Halliburton in advanced talks to acquire Summit ESP Inc

The U.S. No. 2 oil producer is looking to fill a gap in its artificial lift business.

According to sources familiar with the matter at hand, U.S. oil giant Halliburton Co is said to be in the midst of advanced talks to acquire Summit ESP Inc, a fast-growing U.S. oilfield equipment supplier which is backed by George Kaiser, the billionaire banker.

The development comes in the wake of the oilfield services company being rebuffed in its two earlier attempts to acquire similar products.

The sources spoke on condition of anonymity since the discussions are not yet public.

Tulsa, Oklahoma-based Summit ESP produces pumps that are used to maintain oil well pressure to help augment oil and gas production in aging wells. These pressure pumps are increasingly being used in the oil and gas industry to help prolong the life of shale wells.

Founded in 2011, Summit ESP is led by executives who have earlier held senior posts at Baker Hughes. The company has expanded its footprint rapidly in the United States and Canada. In May, the company announced that it had installed its 8,000th electric submersible pump (ESP), an increase of 1,000 since November 2016.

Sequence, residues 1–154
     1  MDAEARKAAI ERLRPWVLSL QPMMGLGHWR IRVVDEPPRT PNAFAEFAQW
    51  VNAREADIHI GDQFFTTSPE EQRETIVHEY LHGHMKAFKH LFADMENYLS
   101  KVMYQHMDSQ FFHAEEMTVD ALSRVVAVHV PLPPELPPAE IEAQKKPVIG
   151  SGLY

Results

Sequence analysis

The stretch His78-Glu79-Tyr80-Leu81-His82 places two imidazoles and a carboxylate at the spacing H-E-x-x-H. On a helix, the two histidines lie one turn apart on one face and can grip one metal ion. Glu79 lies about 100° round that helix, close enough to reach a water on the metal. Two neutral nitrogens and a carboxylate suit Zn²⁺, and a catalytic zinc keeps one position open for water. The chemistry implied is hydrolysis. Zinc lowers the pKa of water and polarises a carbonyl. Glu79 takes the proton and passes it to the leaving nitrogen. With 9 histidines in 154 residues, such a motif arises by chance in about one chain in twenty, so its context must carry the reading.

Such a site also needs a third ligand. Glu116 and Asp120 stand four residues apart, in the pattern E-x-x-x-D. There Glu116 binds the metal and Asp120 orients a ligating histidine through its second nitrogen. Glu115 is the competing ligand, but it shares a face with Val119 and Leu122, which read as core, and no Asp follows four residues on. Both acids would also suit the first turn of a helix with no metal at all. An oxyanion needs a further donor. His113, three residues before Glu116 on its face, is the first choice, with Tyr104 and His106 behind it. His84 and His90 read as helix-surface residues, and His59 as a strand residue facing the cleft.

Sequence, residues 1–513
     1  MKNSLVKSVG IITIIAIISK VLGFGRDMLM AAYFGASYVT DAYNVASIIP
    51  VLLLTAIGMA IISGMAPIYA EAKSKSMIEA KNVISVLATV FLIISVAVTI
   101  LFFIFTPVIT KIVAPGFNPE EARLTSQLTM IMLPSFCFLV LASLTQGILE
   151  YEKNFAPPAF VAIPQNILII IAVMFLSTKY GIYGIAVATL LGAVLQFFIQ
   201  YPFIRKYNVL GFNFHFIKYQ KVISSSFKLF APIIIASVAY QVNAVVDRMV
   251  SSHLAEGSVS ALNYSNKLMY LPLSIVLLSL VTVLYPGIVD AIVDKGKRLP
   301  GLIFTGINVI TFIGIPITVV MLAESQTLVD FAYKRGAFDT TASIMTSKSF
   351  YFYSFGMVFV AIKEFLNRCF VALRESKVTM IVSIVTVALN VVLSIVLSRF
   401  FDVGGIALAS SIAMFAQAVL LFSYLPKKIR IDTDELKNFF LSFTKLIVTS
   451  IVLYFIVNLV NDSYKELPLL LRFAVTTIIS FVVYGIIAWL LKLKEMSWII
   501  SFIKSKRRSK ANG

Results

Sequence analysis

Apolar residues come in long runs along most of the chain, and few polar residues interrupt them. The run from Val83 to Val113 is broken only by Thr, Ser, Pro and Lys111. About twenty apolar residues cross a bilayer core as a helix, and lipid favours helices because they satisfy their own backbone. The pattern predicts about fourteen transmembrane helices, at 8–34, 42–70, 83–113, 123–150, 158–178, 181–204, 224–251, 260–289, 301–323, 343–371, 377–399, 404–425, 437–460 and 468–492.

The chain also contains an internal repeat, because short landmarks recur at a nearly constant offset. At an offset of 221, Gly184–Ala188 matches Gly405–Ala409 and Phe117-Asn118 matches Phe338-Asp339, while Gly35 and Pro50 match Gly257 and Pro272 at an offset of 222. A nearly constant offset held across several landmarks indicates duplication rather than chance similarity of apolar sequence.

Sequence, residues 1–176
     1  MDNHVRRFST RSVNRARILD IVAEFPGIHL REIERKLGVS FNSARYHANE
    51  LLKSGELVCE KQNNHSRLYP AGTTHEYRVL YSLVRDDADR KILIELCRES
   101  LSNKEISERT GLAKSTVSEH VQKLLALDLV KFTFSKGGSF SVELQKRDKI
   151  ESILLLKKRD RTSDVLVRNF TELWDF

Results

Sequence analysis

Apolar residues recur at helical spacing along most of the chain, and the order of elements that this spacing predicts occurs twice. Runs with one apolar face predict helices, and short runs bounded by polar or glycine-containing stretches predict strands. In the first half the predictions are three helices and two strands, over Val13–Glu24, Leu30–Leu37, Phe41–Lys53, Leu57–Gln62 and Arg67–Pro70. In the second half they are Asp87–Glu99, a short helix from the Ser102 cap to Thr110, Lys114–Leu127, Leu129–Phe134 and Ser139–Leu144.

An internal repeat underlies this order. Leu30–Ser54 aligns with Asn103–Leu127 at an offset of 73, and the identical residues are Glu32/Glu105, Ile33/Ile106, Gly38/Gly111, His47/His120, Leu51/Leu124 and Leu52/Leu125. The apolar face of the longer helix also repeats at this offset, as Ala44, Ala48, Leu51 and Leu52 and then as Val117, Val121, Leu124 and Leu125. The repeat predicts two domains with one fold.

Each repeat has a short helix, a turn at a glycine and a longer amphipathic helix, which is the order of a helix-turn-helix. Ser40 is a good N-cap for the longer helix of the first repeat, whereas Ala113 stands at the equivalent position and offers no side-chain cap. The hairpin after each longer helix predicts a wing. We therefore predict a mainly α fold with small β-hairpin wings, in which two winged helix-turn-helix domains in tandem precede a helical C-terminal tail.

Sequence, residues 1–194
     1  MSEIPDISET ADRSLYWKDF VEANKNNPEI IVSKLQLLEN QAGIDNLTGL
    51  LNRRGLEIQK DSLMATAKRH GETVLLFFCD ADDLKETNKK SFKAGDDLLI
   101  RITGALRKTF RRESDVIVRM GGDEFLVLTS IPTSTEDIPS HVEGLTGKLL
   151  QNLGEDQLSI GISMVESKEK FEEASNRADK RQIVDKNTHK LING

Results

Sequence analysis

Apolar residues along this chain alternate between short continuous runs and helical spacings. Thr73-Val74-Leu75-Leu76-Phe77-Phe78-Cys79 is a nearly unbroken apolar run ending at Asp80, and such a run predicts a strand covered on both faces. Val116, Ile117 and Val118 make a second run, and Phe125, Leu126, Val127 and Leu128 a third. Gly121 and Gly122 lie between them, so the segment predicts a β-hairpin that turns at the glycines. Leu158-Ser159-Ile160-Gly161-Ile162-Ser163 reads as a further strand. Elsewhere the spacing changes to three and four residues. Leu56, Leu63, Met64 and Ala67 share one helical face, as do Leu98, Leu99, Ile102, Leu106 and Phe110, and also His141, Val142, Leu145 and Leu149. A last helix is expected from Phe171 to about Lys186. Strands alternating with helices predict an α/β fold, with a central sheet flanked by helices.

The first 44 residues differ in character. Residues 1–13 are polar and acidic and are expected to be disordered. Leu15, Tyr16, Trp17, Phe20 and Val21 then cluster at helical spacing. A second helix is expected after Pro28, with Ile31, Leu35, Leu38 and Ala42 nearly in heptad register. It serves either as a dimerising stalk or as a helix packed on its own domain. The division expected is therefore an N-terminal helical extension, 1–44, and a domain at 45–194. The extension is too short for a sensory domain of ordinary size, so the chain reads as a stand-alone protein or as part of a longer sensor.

As per Frost & Sullivan, a market research company, ESPs command a worldwide business of nearly $5 billion a year. The main players in this segment are Schlumberger NV , Baker Hughes and Weatherford International PLC.

As per Anand Gnanamoorthy, industry manager at Frost & Sullivan, Halliburton, which has a small ESP business, “is trying to catch up to Schlumberger and Weatherford”.

He went on to add, ESPs typically cost in the range of $50,000 and $200,000 for a complete system.

As per one of the sources, Summit wants to quickly reach a deal in order to pre-empt the announcement of Baker Hughes’ closing on its merger with General Electric Co, which is expected at the middle of this year.

As per Spears & Associates, a market research company, Summit ESP’s total turnover in 2016 grossed nearly $180 million, a decline of 10% from 2015.

After initial talks with Summit last year, Halliburton shifted its focus on reaching an agreement with Novomet Oil Services Holdings, a Russian supplier of electric submersible pumps.

In December 2016, Halliburton had disclosed it had sought the permission of the Russian government to go ahead with its 100% acquisition of Novomet. The deal however was shot down by Russia’s Federal Antimonopoly Service.

Halliburton’s Chief Executive, Jeff Miller told analysts twice this year that the company is looking to fill a gap in its artificial lift business through mergers and acquisition.

As per a source familiar with the matter, the Russian’s took an unfavorable view of the deal out of strategic concerns of a U.S. company owning a domestic supplier whose gear keep Russian oil wells running.

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